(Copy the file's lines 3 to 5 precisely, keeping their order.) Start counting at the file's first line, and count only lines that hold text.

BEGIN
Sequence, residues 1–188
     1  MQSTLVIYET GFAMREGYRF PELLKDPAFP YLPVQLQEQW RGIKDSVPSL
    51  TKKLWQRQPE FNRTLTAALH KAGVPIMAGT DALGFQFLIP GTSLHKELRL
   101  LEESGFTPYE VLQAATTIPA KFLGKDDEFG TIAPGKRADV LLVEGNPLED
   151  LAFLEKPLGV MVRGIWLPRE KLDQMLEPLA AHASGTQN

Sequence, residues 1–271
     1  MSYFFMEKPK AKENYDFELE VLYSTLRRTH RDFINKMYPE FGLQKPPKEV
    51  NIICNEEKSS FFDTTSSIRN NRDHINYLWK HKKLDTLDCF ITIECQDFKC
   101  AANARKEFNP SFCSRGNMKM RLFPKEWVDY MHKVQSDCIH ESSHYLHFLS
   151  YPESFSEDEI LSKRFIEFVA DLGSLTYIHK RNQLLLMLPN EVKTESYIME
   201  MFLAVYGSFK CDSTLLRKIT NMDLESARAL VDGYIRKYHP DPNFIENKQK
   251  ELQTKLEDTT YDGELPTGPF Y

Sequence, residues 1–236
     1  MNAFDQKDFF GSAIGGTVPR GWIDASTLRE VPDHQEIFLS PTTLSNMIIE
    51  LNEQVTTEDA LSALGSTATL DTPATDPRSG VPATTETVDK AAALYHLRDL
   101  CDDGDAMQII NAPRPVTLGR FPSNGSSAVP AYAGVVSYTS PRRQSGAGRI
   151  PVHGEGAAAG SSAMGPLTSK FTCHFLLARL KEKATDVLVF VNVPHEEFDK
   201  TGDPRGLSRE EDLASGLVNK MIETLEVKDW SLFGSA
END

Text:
    51  TKKLWQRQPE FNRTLTAALH KAGVPIMAGT DALGFQFLIP GTSLHKELRL
   101  LEESGFTPYE VLQAATTIPA KFLGKDDEFG TIAPGKRADV LLVEGNPLED
   151  LAFLEKPLGV MVRGIWLPRE KLDQMLEPLA AHASGTQN